Themes and Meanings
The poem weaves among suggestions of romantic love, separation, and bittersweet remembrance while doing something else, perhaps something very dangerous in times of war and social upheaval. It dares to allude to czarist Russia, to the woman’s role in modern Russia (in 1914), and to religion in ways perhaps unflattering to temporal authority, critical of prejudice against women poets, and supportive of a power above man and his rulers. It develops three relationships at once: between the poet and her male acquaintance, between the poet and the setting itself, and between the poet as a Russian citizen and the political power structure. Much more than a graceful lyric recollecting a parting by two people, the poem constitutes a polemic, and its essential nature is ironic suggestion.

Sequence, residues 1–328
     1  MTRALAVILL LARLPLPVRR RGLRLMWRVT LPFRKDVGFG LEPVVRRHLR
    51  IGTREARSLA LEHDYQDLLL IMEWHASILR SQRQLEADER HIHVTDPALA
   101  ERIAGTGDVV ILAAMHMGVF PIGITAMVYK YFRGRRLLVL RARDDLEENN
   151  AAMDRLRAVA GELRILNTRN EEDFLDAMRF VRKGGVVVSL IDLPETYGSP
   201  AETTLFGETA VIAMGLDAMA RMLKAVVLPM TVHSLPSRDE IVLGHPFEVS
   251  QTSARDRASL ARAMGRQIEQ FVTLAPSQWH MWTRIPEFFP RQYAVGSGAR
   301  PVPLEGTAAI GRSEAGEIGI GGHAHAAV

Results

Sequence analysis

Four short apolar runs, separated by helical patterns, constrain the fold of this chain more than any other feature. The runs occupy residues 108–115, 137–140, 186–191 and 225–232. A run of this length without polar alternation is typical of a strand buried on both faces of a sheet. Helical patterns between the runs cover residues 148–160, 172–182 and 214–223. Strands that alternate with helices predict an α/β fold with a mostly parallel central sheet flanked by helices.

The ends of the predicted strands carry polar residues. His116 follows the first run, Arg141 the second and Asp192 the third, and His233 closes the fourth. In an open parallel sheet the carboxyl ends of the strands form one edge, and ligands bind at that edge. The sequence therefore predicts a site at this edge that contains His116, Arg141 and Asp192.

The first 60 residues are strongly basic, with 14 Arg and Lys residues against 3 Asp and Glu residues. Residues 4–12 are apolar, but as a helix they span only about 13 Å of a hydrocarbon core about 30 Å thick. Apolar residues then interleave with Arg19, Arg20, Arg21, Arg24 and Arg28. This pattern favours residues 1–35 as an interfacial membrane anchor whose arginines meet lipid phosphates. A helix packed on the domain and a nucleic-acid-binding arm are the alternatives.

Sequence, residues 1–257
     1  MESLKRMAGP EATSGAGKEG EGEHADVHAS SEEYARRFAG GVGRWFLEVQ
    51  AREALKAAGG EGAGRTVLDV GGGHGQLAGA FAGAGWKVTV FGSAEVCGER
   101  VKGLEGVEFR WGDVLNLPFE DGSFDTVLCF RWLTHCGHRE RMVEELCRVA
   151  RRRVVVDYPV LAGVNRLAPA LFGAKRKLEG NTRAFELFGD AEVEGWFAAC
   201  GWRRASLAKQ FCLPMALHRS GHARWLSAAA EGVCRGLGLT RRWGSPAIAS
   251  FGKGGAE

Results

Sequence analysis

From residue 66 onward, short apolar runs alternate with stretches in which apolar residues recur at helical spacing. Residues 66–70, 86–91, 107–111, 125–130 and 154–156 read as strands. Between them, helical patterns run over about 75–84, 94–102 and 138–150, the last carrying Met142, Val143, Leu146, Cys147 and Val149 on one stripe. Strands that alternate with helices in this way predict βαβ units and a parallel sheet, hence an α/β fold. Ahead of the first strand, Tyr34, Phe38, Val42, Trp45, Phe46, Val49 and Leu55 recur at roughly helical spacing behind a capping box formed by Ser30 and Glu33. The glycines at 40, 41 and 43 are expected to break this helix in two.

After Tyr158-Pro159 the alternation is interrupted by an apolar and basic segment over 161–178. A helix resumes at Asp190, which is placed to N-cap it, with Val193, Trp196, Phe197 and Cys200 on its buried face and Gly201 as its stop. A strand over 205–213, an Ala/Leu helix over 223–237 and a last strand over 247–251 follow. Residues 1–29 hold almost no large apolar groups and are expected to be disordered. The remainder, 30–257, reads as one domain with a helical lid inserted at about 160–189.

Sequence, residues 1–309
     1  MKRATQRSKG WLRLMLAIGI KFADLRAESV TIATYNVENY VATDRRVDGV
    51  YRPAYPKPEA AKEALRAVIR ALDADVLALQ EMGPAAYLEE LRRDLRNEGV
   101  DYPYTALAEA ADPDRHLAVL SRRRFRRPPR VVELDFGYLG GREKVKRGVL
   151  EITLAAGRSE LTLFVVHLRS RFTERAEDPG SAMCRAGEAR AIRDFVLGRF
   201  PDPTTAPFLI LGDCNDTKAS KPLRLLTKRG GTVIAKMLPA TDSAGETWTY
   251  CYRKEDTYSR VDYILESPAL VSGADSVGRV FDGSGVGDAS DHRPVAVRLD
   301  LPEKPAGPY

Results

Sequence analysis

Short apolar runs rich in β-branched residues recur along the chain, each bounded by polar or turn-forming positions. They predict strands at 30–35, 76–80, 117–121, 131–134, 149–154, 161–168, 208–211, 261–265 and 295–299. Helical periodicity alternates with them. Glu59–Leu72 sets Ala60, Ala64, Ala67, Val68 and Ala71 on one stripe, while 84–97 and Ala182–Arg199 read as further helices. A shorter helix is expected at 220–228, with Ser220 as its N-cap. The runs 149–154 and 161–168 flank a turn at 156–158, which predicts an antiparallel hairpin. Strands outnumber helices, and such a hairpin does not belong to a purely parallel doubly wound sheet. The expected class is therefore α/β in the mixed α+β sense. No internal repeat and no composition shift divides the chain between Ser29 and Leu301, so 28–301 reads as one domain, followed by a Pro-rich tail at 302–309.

“We Met for the Last Time” may be read as a parable in which the city, St. Petersburg, is threatened by some kind of flood. Perhaps nature is angered by the way humans are behaving themselves. Part of the problem seems to be prevailing prejudice against women poets, expressed by the man. Rigid authority hovers in the background in the form of a czar’s palace and a fortress. The beginning of the third stanza hints that the Russian people, symbolized by the two friends, do not even own the air they breathe. The air is “like” a gift from God, not actually a gift. Perhaps the powers that be allow them to breathe it. In such social and political conditions as these, the...
(The entire section is 491 words.)